Azures in "Spring" in NH - what are they?

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Steve Mirick

Apr 26, 2024, 9:53:27 AMApr 26
to NHButterfly, Mass Leps
I've noticed that several butterfly folks out there are calling the
azures flying around right now (April & May) "Spring Azures" (celastrina
ladon) and entering them as such in iNaturalist.  It used to be that all
early spring azures in the northeast were called "Spring Azures", but
current research suggests that there are between 2 and 3 species of
Azures in April and May in New Hampshire.  These include the confusingly
named (and possibly non-occurring) Spring Azure (celastrina ladon), the
Northern Azure (celastrina lucia), and the enigmatic Cherry Gall Azure
(celastrina serotina).  Identification of these three azures is close to
impossible based on just photos.  It's a real mess out there right now!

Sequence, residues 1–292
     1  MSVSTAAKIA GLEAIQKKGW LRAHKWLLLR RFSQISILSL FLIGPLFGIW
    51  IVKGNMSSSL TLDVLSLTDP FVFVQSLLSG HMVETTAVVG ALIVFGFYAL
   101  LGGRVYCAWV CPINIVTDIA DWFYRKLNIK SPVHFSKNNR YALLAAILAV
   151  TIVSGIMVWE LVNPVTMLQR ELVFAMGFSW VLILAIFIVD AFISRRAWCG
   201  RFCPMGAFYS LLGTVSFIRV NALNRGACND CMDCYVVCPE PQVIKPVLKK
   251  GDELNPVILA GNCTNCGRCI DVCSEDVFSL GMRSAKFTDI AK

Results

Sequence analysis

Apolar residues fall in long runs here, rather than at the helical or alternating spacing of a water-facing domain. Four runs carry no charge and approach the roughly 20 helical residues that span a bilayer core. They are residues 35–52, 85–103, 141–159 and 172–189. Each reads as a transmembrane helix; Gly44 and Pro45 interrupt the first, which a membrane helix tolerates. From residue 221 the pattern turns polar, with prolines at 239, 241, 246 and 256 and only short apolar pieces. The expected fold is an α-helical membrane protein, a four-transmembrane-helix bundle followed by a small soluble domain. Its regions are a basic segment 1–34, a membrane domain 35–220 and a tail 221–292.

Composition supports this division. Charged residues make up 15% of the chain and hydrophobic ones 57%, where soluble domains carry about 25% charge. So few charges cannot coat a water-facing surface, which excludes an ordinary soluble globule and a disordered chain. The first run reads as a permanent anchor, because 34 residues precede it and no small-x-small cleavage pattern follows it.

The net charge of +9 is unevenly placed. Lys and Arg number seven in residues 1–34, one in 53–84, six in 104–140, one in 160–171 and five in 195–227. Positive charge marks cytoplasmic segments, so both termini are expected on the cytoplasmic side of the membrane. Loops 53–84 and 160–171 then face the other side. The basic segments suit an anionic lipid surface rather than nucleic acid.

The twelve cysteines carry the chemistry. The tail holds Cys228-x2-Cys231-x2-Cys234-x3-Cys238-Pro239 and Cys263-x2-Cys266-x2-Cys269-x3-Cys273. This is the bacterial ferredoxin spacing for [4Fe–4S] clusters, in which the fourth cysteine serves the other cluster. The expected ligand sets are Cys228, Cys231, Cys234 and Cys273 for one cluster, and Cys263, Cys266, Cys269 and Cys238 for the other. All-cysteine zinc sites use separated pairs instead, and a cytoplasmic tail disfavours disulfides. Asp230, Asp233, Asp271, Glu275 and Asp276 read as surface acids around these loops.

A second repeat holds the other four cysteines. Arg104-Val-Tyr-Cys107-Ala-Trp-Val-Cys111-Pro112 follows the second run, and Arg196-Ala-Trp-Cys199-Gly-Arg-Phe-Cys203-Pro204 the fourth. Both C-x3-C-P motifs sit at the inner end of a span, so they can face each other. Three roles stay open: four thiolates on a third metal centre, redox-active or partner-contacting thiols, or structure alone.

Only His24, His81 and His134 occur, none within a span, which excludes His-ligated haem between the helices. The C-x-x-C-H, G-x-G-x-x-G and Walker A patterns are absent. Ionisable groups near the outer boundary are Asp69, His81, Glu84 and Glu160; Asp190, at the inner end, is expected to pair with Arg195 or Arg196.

Specimens collected in Vermont during their 1st butterfly atlas showed
only Northern Azure and Cherry Gall Azure, but DID NOT show any records
of "Spring Azure"!  The common early spring flying azure in Vermont is
now called the Northern Azure (c. lucia).  This is also the case in
Maine where the most recent publication "Butterflies of Maine and the
Canadian Maritime Provinces" only indicates one species of Azure in the
spring and that is the Northern Azure (they don't show any records of
Cherry Gall Azure). They state that "Spring Azure" has NOT BEEN
CONFIRMED IN MAINE! Both Maine and Vermont now treat nearly all April
and May celastrinas (azures) as Northern Azure (C. lucuia).....with a
few Cherry Gall Azures in Vermont.

Based on this information, it seems likely (or at least possible) that
Spring Azures (C. ladon) do not occur at all in NH!!!!  And everything